Searching people in Germany
The German missions in Australia cannot assist you in finding a person in Germany. However, the following information is meant to be helpful when seeking a person in Germany on your own initiative.
In Germany every resident, regardless of his/her nationality, is legally obliged to register with their local council. In the case of a person who was recently registered in Germany, you can inquire to the local registration office (“Einwohnermeldeamt”) at their last known town of residence. A specimen address is provided in the box below. You should explain that your inquiry is for private reasons and provide proof of this. If the person has moved within Germany, the registration office will know their new address. The information will only be given to you if the provided data fits to only one single person registered in that town. Otherwise, due to data protection the local authority must not tell you any address. Therefore it is useful to specify the person´s identity with as much personal data as possible.
Addresses of the local “Einwohnermeldeamt” can be looked up on the website of each city, i.e.: www.[nameofcity].de or the local telephonebook.
Most staff at the Einwohnermeldeamt understand english messages. However, the following German sentence contains the essential information needed by the local authority to locate a person registered in Germany:
“Der Name der Person ist ….....(insert full name of person you are looking for), geboren am …... (insert date of birth) mit letztem mir bekannten Wohnsitz in ….... (insert last known town of residence in Germany).
|Online telephone book
You may also be able to find someone´s address and phone number through an online telephone book. To use these directories name of the person and the city he/she lives in should be available:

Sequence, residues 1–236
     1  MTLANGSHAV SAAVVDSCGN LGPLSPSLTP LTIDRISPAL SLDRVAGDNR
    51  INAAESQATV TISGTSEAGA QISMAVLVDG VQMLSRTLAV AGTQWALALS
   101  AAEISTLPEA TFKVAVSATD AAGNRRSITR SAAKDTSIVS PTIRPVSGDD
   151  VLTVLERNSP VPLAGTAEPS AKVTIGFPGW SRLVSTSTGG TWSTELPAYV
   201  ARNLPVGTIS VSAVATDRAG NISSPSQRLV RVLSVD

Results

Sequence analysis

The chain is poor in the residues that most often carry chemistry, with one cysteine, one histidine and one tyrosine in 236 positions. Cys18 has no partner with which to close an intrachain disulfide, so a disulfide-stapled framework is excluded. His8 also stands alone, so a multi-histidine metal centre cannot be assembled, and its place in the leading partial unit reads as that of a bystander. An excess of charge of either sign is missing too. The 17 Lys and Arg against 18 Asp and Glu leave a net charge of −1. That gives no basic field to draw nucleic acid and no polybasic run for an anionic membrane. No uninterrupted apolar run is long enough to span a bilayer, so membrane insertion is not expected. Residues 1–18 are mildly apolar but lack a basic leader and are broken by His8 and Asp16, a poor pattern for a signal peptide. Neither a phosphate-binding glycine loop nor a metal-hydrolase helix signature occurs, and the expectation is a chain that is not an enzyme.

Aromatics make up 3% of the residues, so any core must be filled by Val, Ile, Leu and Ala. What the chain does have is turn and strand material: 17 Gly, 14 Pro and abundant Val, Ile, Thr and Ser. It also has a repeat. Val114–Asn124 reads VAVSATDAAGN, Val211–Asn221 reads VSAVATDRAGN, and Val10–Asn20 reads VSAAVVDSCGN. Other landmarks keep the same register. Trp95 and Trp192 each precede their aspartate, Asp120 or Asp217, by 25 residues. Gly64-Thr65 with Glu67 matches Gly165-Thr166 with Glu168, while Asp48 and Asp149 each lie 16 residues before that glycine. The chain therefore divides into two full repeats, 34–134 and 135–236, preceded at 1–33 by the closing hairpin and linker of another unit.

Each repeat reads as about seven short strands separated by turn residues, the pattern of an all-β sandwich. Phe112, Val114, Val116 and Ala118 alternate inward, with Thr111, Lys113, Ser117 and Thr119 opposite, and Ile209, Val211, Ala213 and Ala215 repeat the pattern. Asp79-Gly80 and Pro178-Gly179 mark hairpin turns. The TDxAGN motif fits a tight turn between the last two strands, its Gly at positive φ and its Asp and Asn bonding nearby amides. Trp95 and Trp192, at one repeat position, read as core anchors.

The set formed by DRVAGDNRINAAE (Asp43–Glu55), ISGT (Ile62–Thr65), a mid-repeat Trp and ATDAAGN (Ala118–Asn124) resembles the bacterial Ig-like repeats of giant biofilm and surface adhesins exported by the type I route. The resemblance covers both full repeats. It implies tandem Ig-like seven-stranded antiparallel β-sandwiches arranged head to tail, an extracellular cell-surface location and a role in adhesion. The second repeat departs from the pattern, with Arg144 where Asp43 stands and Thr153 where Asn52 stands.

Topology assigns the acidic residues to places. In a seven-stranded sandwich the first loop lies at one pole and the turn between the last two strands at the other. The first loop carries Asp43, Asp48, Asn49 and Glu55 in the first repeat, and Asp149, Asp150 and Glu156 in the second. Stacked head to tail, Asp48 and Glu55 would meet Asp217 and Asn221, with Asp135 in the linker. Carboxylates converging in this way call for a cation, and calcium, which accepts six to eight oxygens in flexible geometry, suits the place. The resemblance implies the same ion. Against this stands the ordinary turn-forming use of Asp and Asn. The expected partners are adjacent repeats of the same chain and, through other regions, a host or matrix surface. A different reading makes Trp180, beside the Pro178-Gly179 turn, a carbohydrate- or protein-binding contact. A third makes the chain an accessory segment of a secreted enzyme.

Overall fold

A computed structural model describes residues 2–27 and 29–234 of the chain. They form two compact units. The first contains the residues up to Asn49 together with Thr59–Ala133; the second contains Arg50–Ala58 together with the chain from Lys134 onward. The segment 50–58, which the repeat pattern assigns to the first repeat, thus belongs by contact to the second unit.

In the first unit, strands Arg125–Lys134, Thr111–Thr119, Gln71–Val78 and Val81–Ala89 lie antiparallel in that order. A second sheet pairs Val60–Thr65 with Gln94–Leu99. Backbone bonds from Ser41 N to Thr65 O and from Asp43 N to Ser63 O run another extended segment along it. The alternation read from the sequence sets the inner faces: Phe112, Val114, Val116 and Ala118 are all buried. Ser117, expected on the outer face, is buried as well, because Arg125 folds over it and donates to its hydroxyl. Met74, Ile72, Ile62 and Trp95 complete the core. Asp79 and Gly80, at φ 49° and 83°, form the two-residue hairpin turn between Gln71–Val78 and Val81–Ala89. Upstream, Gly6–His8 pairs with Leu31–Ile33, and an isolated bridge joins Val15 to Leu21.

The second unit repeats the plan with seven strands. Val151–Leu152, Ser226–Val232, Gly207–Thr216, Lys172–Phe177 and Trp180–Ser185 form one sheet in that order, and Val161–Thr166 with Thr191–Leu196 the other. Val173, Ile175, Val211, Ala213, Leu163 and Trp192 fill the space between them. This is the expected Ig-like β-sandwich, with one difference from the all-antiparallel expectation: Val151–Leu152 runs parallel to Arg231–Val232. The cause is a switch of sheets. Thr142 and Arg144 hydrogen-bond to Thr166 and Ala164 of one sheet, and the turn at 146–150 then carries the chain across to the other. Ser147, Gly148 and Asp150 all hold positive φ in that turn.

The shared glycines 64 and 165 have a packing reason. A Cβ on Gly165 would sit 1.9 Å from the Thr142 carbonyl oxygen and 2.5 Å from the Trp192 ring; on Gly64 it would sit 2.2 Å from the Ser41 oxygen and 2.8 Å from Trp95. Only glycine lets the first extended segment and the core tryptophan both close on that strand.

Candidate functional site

|Family tracing services
The German Red Cross (”Deutsches Rotes Kreuz“) offers seeking services which might be helpful for you.
The German Salvation Army (”Heilsarmee“) supports close relatives finding missing persons in Germany.
Calling up a private detective agency is known as a very efficient though costly option. Addresses can be found online or in the yellow pages. In order to find a suitable agency for your purpose you might want to contact the Federal Detective and Investigator Association:
Family research/ Finding ancestors/ Genealogy
Please be aware that the German Missions in Australia can not engage in tracing ancestors. The following organisations might be helpful for your individual search:
For enquiries in English:
For enquiries in German:
German Genealogy & Family History:
These websites provide a register of nationwide genealogical organisations in Germany.
|Information about German soldiers in WW I and II, Incl. POW
Volksbund Deutsche Kriegsgräberfürsorge e.V. (German war graves)
|Military Archives since 1867
||National Archives, Office Freiburg
|National archive, office Bayreuth
For information about former residents in the former expulsion zones from 1939 to 1945: